Appearance[edit]

The redbelly tilapia can reach up to 300 g (11 oz) in weight and 40 cm (16 in) in length, but usually is no more than 30 cm (12 in).[3] In the Middle East, adults typically are 12–22 cm (5–9 in) long.[9] Males tend to grow larger than females, but otherwise the sexes are similar.[4]

Its base color is brownish-olivaceous and the belly is yellowish or whitish. It often (for example, when agitated) has a faint/poorly defined dark pattern consisting of two horizontal lines on the body crossed by about half a dozen vertical bars. Breeding adults are more greenish overall, have iridescent blue-green spots on the head and bright pinkish-red underparts.[3][14] This species very closely resembles the redbreast tilapia (C. rendalli) and the two are difficult to distinguish; many reports of introduced populations may involve either species.[4][5] The two have separate natural distribution (redbelly tilapia in the northern half of Africa, redbreast tilapia in the southern half), but through introductions their ranges now overlap. Whether they can hybridize is unknown.[4] It has hybridized with the spotted tilapia (Pelmatolapia mariae),[15] a quite distant relative.[12]

Behavior[edit]

Young redbelly tilapias

As typical of Coptodon, the redbelly tilapia is a substrate spawner and brooder. The "nest" typically is a small depression in the bottom that is dug by both parents,[4][5] but sometimes the eggs are placed on the top of a stone or the "nest" is an up to 85-centimetre-deep (2.8 ft) tunnel that is dug into muddy substrate.[9] Several pairs may breed quite closely together forming a colony. Each female lays 1,000–6,000 eggs per spawning and she may spawn multiple times in a season.[14] Both parents guard the eggs and fry.[4][5][9] In tropical locations it breeds year-round, although peaking in the rainy season.[1][5] In colder subtropical regions like Israel it only breeds in the summer,[5][9] at water temperatures of at least 20 °C (68 °F).[14] All other cichlids native to Western Asia are mouthbrooders.[9]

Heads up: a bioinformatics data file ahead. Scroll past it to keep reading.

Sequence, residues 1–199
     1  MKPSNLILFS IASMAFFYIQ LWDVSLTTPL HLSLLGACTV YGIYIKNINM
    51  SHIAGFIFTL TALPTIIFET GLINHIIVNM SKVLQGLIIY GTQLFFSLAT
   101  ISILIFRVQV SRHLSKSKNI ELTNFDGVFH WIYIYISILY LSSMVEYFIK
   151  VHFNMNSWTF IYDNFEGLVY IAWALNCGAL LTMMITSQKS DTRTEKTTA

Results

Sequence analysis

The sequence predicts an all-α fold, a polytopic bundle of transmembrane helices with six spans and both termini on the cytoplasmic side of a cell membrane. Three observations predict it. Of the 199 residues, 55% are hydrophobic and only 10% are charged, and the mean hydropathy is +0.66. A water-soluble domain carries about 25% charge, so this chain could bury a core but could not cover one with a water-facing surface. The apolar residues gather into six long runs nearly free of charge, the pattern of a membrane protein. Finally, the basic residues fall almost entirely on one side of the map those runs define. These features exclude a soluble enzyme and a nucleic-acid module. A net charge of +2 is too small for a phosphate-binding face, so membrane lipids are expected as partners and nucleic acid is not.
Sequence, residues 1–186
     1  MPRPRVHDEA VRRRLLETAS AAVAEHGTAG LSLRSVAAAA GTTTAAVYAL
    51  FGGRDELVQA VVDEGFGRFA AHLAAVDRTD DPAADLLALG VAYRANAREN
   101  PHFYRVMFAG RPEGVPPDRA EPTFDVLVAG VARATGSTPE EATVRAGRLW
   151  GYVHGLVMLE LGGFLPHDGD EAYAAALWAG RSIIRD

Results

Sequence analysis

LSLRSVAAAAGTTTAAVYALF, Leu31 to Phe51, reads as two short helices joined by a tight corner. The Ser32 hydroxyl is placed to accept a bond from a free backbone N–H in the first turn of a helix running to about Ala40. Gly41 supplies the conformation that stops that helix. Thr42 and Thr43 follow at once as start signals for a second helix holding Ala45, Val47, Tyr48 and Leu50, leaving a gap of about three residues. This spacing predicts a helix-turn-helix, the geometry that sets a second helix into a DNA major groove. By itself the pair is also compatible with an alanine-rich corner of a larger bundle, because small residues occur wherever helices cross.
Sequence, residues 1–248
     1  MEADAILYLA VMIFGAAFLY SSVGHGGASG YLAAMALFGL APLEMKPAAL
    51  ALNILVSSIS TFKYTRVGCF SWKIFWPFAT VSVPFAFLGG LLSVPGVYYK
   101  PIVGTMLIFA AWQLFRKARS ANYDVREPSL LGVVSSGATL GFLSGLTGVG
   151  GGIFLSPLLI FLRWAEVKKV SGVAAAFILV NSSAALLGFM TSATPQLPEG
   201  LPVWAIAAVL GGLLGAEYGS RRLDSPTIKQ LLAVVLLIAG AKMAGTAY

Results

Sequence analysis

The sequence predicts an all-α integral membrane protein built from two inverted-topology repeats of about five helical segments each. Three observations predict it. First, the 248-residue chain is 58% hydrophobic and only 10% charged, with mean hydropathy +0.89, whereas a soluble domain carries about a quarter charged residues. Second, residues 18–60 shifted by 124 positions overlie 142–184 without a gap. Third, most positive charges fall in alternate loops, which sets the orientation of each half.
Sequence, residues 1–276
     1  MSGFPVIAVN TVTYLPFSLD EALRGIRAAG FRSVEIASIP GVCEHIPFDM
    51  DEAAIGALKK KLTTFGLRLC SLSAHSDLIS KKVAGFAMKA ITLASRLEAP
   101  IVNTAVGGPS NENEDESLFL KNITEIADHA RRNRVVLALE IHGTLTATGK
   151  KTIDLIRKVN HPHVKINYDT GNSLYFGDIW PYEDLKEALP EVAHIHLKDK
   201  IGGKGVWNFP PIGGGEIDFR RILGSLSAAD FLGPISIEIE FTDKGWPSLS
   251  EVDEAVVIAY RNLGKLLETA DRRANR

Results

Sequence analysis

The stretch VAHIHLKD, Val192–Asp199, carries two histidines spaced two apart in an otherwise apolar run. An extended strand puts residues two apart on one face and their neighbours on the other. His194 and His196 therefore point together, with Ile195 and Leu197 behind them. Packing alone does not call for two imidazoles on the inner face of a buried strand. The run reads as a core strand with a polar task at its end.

The redbelly tilapia mostly feeds on algae and higher plants (both aquatic plants and land plants that become accessible to the fish), but it also takes smaller quantities of invertebrates and fish eggs.[4][5] Young redbelly tilapias feed extensively on tiny crustaceans.[14]

References[edit]

  1. ^ a b c d e Awaïss, A.; Azeroual, A.; Getahun, A.; Hanssens, M.; Lalèyè, P.; Moelants, T.; Twongo, T. (2014). "Coptodon zillii". The IUCN Red List of Threatened Species. IUCN. 2010: e.T183163A8060320. Retrieved 10 November 2019.
  2. ^ "WoRMS - World Register of Marine Species - Tilapia zillii (Gervais, 1848)".
  3. ^ a b c d e f g h i j Froese, Rainer and Pauly, Daniel, eds. (2019). "Coptodon zillii" in FishBase. November 2019 version.
  4. ^ a b c d e f g h i Genner, M.J.; G.F. Turner; B.P. Ngatunga (2018). "A Guide to Tilapia Fishes of Tanzania" (PDF). Retrieved 10 November 2019.
  5. ^ a b c d e f g h Nico, L.; M. Neilson; B. Loftus (2019). "Tilapia zillii (Gervais, 1848)". U.S. Geological Survey, Nonindigenous Aquatic Species Database. Retrieved 10 November 2019.
  6. ^ "Tilapia zillii (redbelly tilapia)". CABI – Invasive Species Compendium. 2019. Retrieved 13 November 2019.
  7. ^ a b c d Clavero, M.; A. Qninba; M. Riesco; J. Esquivias; J. Calzada; M. Delibes (2017). "Moroccan desert rivers: fish on the arid extreme of Mediterranean streams". Fishes in Mediterranean Environments. 003: 1–21. doi:10.29094/FiSHMED.2017.003.
  8. ^ a b Trape, S. (2016). "A new cichlid fish in the Sahara: The Ounianga Serir lakes (Chad), a biodiversity hotspot in the desert". Comptes Rendus Biologies. 339 (11–12): 529–536. doi:10.1016/j.crvi.2016.08.003. PMID 27720144.
  9. ^ a b c d e f g h i Gophen, M. (2018). Ecological Research in the Lake Kinneret and Hula Valley (Israel) Ecosystems. pp. 252–263.
  10. ^ Trape, S. (2018). "Epiplatys bifasciatus (Steindachner, 1881) (Nothobranchiidae) and Hemichromis fasciatus Peters, 1852 (Cichlidae), two relict fish species in the Sahara desert". Bonn Zoological Bulletin. 67 (1): 37–40.
  11. ^ Werner, N.Y.; O. Mokady (2004). "Swimming out of Africa: mitochondrial DNA evidence for late Pliocene dispersal of a cichlid from Central Africa to the Levant". Biological Journal of the Linnean Society. 82 (1): 103–109. doi:10.1111/j.1095-8312.2004.00321.x.
  12. ^ a b c Dunz, A.R.; U.K. Schliewen (2013). "Molecular phylogeny and revised classification of the haplotilapiine cichlid fishes formerly referred to as "Tilapia"". Molecular Phylogenetics and Evolution. 68 (1): 64–80. doi:10.1016/j.ympev.2013.03.015. PMID 23542002.
  13. ^ Neumann, D.; H. Obermaier; T. Moritz (2016). "Annotated checklist for fishes of the Main Nile Basin in the Sudan and Egypt based on recent specimen records (2006-2015)". Cybium. 40 (4): 287–317. doi:10.26028/cybium/2016-404-004.
  14. ^ a b c d "California Fish Website — Tilapia". University of California. 2019. Retrieved 12 November 2019.
  15. ^ Taylor, J.N.; D.B. Snyder; W.R. Courtenay, Jr. (1986). "Hybridization between Two Introduced, Substrate-Spawning Tilapias (Pisces: Cichlidae) in Florida". Copeia. 1986 (4): 903–909.